Writing the English alphabet letter E correctly in
manuscript and cursive.
Writing the English Alphabet Letter E
Writing the English Alphabet For Kids Letter E
A Bit of Confusion
This letter is pretty easy to write but kids often write
The following classroom lessons are great for students
who want additional conversation, listening, and reading
Conversation Lesson -
Intermediate Level. Let's
Learn English conversation lesson
with a conversation video, a video script, audio
listening practice, and a new
22 - Trash to Treasure, Part 2
Conversation, Listening, Reading)
In this lesson Sue tries to teach Anna how to turn trash
into treasure. But Anna doesn't seem to know what
treasure is. And she makes a big mess.
Watch the video and then read the video script.
Sue: Welcome to class, Anna. I can’t wait to see your trash!
Sue: Oh, okay. Alright, it’s a -- it’s a net with a … oh, it’s got a hole in it.
Tell me about that.
Anna: This net said to me, “Anna, I used to catch stuff. I don’t anymore. So,
use me, Anna.” That’s what it said. It said, “Use me, Anna.”
Sue: Okay. So...it’s a plastic helmet.
Anna: This plastic helmet said, “Anna. Hey, Anna, find me a head.”
Sue: Okay, um...and a broken toy.
Anna: This broken toy … this broken toy said to me – it said, “Anna, help me
find fun.” “Help me, Anna” is what it said.
Sue: Anna, this stuff is not saying anything to you or me or anyone. It’s what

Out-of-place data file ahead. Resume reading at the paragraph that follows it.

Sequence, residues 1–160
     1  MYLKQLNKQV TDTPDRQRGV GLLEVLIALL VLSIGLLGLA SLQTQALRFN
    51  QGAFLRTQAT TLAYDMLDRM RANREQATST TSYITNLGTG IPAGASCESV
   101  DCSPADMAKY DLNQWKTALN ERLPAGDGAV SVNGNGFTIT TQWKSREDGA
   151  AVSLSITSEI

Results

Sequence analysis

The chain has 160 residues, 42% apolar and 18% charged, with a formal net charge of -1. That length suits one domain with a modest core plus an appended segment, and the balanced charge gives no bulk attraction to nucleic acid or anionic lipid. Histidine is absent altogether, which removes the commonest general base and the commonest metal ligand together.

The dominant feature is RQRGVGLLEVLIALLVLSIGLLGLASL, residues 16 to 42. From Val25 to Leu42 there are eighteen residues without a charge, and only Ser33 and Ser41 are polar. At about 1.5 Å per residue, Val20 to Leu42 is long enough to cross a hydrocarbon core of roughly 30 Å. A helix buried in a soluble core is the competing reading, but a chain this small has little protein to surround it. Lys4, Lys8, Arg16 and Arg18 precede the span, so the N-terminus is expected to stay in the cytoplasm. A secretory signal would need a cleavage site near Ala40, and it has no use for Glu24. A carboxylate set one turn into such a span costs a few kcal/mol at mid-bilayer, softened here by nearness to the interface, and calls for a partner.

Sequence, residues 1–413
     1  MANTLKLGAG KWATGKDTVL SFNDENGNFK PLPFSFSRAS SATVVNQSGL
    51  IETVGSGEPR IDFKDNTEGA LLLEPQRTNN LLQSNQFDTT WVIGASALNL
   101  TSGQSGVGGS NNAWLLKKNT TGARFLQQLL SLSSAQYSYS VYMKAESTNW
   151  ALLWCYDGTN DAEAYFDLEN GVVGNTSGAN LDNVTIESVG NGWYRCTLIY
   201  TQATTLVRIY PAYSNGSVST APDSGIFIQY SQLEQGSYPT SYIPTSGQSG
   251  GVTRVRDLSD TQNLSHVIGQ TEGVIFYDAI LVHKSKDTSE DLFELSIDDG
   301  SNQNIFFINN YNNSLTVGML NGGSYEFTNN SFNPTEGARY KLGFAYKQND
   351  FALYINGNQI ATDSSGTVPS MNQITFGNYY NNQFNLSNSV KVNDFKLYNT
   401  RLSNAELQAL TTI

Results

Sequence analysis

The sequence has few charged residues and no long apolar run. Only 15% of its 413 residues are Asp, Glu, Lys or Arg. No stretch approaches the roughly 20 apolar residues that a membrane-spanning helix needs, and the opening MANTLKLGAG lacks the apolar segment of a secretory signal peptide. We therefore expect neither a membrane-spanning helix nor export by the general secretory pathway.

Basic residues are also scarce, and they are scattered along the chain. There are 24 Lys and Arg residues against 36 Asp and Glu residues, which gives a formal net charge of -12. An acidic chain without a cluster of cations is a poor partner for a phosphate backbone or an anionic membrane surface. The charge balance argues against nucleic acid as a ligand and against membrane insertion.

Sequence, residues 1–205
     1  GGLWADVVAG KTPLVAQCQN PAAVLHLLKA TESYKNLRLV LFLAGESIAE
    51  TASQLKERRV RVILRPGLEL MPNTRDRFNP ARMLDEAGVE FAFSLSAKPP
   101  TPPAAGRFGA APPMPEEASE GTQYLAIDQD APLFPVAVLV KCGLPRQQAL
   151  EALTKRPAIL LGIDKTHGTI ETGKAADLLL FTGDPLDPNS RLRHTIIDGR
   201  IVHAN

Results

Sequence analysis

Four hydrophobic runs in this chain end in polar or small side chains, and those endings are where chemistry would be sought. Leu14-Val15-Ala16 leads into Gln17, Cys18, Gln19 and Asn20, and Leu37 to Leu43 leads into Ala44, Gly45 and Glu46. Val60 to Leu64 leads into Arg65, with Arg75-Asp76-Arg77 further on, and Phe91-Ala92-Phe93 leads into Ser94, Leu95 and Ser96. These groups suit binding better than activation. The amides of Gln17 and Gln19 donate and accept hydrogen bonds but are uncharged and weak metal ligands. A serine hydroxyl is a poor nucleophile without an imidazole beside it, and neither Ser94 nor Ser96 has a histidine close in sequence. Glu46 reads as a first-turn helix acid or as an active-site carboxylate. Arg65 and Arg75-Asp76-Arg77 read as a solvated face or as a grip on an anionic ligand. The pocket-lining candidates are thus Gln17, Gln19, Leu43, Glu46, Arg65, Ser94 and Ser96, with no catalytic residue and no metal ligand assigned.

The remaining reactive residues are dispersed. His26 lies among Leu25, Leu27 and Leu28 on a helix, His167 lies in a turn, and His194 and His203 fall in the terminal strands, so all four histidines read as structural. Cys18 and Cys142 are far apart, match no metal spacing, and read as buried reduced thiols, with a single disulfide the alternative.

we like to call in the business … garbage.
Anna: But you said to bring in trash.
Sue: Sometimes trash is treasure. Sometimes it's just trash.
Sue: Anna, don’t worry. Next week, I could teach you decoupage.
Anna: Decoupage. Decoupage. That’s fun to say.
Sue: All you need to bring is a clean shoe box. A box that held shoes.
Anna: I got it. I got it! See you next week!
Prof. Bot: Ut oh. It looks like Anna doesn’t know the difference between
treasure and trash. She thinks those things are telling her something!
Prof. Bot: The words tell and say have similar meanings. But we use them in
Prof Bot: Tell means “to inform or instruct someone with words” and is almost
always followed by an indirect object. For example, Sue says, “Tell me about
Prof. Bot: The word me is the indirect object and tells us who is being told.
Prof. Bot: Say means “to express something with words” and focuses more on the
words used. For example, Anna says, “That’s what it said. It said, ‘Use me,
Prof. Bot: Listen for when Anna and Sue use tell and say.
Sue: Anna, welcome to Decoupage class. Decoupage is just gluing pretty pictures
(Sue gets a phone call.)
Sue: Anna, I’ve got to talk to this person. I’ll be right back. Don’t start
Anna: Got it.
(Sue leaves to take her phone call. Anna gets glue everywhere. She becomes
covered with glue and paper.)
Anna: Okay. I can fix this.
Sue: Anna, what happened? I told you to wait for me!
Anna: Actually, you told me not to start without you, which I didn’t. Your glue
is really sticky.
Sue: Next week, let’s try lamp making. There’s – there’s no glue. Here's a
Anna: Thanks. See you next week.
Sue: Anna, you did really well this week. I think lamp making might be your
Anna: Thanks, Sue. I did everything you told me to do.
Sue: Remember: I said to read the instructions really carefully. Where are those
Anna: Let’s just plug it in!
(Anna plugs in the lamp and, suddenly, the city loses electricity.)
Anna: So, what class will you be teaching next week?
Prof. Bot: Too bad Anna didn’t follow instructions! Visit our website for more
on tell and say!
Now practice listening to only the audio portion of the conversation.
Now, you try it!
First, read more about tell and say below. Then, practice using those words in
the Comments section. Write about what happens in Lesson 22! You can find some